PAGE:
Levels of sulphur dioxide fell significantly between 2015 and 2016, largely as a result of the United Kingdom shutting down coal-fired power stations or converting them to biomass plants as part of its move to becoming a low-carbon economy.
As of last month, sulphur dioxide emissions fell by 29 per cent year-on-year, while nitrogen oxide levels dropped 10 per cent over the same period, according to the Department for Environment, Food and Rural Affairs.
The recent drop in sulphur dioxide is part of a larger trend: since 1970, levels of sulphur dioxide have fallen 97 per cent, helped along from 2008 by the country’s efforts to comply with stricter European standards through phasing out coal power generation by 2025.
Sulphur dioxide rose in the public’s awareness in the 1960s and 1970s as a main culprit of acid rain, and was the focus of the first international treaty to deal with air pollution on a broad regional basis.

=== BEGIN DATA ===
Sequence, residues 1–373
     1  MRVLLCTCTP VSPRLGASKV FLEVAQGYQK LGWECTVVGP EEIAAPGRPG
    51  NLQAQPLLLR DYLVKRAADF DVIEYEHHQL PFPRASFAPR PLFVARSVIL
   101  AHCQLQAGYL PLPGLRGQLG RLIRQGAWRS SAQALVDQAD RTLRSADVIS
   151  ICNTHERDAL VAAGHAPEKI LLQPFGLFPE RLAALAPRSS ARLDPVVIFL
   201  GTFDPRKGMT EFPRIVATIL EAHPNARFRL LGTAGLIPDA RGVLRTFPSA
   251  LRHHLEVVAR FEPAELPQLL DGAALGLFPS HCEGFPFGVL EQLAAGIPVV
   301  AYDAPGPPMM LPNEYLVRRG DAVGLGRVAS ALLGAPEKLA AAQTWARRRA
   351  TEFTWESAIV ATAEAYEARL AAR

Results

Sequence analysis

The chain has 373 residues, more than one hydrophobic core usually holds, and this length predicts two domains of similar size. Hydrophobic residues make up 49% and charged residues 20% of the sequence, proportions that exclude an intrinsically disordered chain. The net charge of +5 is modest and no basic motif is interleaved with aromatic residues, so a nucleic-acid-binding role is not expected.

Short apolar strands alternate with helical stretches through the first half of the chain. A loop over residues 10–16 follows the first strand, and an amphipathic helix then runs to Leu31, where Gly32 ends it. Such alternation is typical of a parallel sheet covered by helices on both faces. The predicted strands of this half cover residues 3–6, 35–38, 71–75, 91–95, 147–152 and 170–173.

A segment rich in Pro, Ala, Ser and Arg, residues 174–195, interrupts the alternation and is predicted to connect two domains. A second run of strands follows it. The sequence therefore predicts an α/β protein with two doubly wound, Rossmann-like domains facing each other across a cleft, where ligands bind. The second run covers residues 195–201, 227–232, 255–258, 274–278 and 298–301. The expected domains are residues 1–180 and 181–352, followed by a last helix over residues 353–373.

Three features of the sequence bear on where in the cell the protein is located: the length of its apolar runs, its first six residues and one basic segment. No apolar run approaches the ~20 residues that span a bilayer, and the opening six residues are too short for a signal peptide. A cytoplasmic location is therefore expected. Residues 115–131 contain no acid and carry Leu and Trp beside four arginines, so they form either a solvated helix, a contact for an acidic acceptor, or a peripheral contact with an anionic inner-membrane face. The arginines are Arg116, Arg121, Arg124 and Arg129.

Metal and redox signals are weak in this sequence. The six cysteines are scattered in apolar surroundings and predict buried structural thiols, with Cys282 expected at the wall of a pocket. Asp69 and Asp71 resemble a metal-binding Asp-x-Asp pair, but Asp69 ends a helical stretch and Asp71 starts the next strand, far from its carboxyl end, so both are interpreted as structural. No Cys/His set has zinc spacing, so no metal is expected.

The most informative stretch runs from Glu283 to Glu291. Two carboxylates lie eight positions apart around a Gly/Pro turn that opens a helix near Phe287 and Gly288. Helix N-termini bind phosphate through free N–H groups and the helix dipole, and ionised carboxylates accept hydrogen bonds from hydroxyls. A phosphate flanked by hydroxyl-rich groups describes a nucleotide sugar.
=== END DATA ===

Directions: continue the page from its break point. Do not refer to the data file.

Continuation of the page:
While sulphur dioxide is not defined as a climate warming agent, it is a potent air pollutant that harms respiratory health and causes other health problems by contributing to particulate air pollution.
The U.K. government is also committed to ending the sale of conventional new diesel and petrol cars by 2040 and is due to release a clean-air strategy later this year.
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